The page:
According to the authors, a genuine net zero strategy for the average European oil and gas company would require 100% emissions cuts between now and 2050. 

TPI point out that all of the plans they have assessed are, to some degree, dependent on carbon capture and storage (CCS) technology and nature-based solutions such as planting trees. "There are very significant assumptions that need further probing," said Adam Matthews, co-chair of TPI. ......

However, the authors draw a sharp contrast between the actions of these European companies and oil and gas producers in the US.

None of the dozens of American fossil fuel corporations have public disclosures on climate change comparable to Europe, which TPI says is a concern.

"We simply don't know what their intentions are on this issue, that poses a greater financial risk to us," said Adam Matthews.  "We're continuing to engage, but engagements are finite, there comes a point at which you have to draw very clear conclusions."

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Virtual Discussion: What’s next for climate law after COVID-19?

The global coronavirus pandemic has forced Canadians to rethink the ways we’re taking action to combat climate change – including the legal strategies and tools used by climate activists.

Join West Coast’s Climate Lawyer Andrew Gage for a virtual dialogue about the future of climate change law and litigation, and how we need to adapt in the context of COVID-19. In this interactive discussion, we want to hear YOUR perspectives on West Coast’s climate law initiatives and how legal strategies may evolve after the COVID-19 crisis. 

Register here.

Event Start Date: 

Tuesday, May 26, 2020 - 12:00pm

Event End Date: 

Tuesday, May 26, 2020 - 1:00pm


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Tsilhqot’in Finally Win Long Fight against Open Pit Mine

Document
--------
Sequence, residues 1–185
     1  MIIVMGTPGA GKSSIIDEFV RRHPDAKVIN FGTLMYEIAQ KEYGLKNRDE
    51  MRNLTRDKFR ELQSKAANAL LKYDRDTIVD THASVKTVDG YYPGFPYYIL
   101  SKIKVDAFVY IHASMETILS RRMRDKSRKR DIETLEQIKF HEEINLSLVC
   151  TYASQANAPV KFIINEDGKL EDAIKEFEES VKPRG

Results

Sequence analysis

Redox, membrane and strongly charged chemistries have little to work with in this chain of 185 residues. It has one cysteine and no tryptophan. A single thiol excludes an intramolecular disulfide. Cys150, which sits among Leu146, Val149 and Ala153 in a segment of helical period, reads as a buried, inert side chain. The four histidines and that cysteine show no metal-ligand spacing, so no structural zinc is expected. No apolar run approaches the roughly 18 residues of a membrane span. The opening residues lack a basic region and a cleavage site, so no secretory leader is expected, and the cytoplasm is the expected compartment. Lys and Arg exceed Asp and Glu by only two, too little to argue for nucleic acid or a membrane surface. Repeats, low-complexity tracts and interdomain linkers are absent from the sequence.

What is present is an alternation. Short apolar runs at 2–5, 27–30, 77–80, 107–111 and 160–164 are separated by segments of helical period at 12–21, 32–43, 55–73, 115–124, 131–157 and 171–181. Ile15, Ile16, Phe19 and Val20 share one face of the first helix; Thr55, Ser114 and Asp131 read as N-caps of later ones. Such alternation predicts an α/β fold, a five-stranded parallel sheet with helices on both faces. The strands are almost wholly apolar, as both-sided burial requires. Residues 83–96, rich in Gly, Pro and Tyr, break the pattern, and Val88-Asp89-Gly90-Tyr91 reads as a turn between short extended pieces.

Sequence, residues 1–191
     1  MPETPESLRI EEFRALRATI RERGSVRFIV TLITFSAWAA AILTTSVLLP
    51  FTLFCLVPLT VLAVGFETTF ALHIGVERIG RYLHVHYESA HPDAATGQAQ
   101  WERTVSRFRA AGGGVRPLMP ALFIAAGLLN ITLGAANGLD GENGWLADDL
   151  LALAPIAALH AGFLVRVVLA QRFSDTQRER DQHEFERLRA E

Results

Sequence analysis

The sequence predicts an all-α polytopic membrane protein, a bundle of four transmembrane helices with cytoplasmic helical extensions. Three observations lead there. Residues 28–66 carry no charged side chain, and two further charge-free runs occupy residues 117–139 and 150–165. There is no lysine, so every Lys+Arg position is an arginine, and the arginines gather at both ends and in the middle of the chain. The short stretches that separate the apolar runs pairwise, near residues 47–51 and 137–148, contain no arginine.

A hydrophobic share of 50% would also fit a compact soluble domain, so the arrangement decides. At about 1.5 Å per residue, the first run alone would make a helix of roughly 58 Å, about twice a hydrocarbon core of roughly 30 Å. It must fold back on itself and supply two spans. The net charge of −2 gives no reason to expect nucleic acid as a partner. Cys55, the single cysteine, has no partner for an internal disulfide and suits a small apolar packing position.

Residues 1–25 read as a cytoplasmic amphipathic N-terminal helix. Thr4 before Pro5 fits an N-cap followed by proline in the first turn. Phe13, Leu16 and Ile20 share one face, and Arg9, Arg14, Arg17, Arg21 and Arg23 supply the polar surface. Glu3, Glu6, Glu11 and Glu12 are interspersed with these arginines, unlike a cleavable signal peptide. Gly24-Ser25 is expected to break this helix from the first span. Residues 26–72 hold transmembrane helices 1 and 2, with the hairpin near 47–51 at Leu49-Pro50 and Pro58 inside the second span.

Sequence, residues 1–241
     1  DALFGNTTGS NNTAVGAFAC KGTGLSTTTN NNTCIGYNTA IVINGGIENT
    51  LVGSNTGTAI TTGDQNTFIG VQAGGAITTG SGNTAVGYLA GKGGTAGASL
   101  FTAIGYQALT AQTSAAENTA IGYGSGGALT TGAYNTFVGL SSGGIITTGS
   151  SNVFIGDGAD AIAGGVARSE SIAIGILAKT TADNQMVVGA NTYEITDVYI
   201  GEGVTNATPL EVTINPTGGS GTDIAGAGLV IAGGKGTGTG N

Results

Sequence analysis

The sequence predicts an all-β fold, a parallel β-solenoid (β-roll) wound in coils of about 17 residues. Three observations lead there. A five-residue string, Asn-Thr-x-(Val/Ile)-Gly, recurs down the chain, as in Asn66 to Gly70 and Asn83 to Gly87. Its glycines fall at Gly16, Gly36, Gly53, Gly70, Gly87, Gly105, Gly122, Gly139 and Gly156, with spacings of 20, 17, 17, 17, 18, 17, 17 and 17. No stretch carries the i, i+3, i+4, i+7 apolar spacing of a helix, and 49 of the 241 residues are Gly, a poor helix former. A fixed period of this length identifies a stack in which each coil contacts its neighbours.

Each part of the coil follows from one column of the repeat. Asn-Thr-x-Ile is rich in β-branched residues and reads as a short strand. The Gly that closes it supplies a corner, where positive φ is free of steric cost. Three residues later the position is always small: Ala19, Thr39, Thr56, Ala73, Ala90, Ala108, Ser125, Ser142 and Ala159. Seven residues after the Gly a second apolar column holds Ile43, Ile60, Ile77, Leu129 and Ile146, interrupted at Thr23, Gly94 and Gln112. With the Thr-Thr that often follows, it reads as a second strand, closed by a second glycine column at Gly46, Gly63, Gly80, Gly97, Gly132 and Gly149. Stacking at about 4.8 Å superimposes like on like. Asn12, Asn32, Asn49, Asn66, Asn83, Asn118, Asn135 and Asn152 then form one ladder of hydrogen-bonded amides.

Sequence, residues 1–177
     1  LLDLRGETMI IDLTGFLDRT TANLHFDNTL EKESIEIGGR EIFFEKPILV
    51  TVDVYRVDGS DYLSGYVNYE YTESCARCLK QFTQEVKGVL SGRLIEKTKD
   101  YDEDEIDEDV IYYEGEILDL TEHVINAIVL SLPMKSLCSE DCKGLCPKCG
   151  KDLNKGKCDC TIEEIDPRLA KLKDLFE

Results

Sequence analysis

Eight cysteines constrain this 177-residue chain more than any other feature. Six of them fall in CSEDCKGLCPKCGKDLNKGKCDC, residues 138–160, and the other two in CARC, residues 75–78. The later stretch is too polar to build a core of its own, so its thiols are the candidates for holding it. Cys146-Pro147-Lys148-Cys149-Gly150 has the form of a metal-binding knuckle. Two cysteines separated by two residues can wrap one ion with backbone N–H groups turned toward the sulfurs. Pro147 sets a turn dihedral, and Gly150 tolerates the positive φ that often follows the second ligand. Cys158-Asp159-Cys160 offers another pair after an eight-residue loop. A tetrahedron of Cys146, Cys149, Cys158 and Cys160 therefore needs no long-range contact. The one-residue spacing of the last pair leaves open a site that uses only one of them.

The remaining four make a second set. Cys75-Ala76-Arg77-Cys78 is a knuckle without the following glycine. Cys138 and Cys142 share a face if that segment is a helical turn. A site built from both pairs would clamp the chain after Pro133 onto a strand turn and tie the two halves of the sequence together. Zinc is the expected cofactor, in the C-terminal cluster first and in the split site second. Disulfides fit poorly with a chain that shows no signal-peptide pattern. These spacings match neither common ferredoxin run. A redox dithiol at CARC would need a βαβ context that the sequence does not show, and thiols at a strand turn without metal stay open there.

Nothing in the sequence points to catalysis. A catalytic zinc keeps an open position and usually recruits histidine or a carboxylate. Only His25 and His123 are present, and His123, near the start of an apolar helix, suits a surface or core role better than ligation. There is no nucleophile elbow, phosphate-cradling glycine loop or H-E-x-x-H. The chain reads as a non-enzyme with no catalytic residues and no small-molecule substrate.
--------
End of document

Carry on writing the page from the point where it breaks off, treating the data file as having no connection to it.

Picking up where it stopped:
The planned open pit copper and gold mine that at one point included turning a lake sacred to the Tsilhqot’in Nation into a sludge pond appears finally stopped for good. The Supreme Court of Canada yesterday dismissed an appeal by Taseko Mines Ltd., after its proposed New Prosperity mine southwest of Williams Lake was previously rejected.

“We are celebrating the Supreme Court of Canada’s decision today, and taking the time to reflect on the immense sacrifices made by our communities and members to finally have their voices heard and respected,” Tsilhqot’in Chief Joe Alphonse said in a statement Thursday....


ETA: Presidential candidate Joe Biden says he will cancel the Keystone pipeline if elected.

Deputy PM Chrystia Freeland has said the Liberal government will continue to push for the completion of the Keystone pipeline.

How many more billions are Kenney's funding (already $7.5 billion for TC's Energy's Keystone pipeline construction project- and Trudeau's support (total  estimated spending of $17.1 billion on the Trans Mountain pipeline in February 2020 ( going to throw away pursuing pipelines that many never be finished, and if they are will lose many more billions for oil that costs $85 a barrel to produce and $10-$12 to ship on average, to say nothing of the untold damage each barrel does because of greenhouse gas emissions?


 Keystone XL has been stalled for years. Seen here, stacks of pipe from the unbuilt pipeline, piled up in a yard in Gascoyne, North Dakota, in 2015.

© Alexander Panetta The Canadian PressKeystone XL has been stalled for years. Seen here, stacks of pipe from the unbuilt pipeline, piled up in a yard in Gascoyne, North Dakota, in 2015.

Joe Biden will cancel the Keystone XL pipeline if he's elected president of the United States, his campaign said Monday in a potential death blow for the delay-plagued Canada-U.S. oil project. His staff said he would withdraw the permit issued by President Donald Trump. The emphatic statement from Biden's campaign ends months of ambiguity, as Biden had not joined other Democratic candidates in pledging to revoke the permit. ...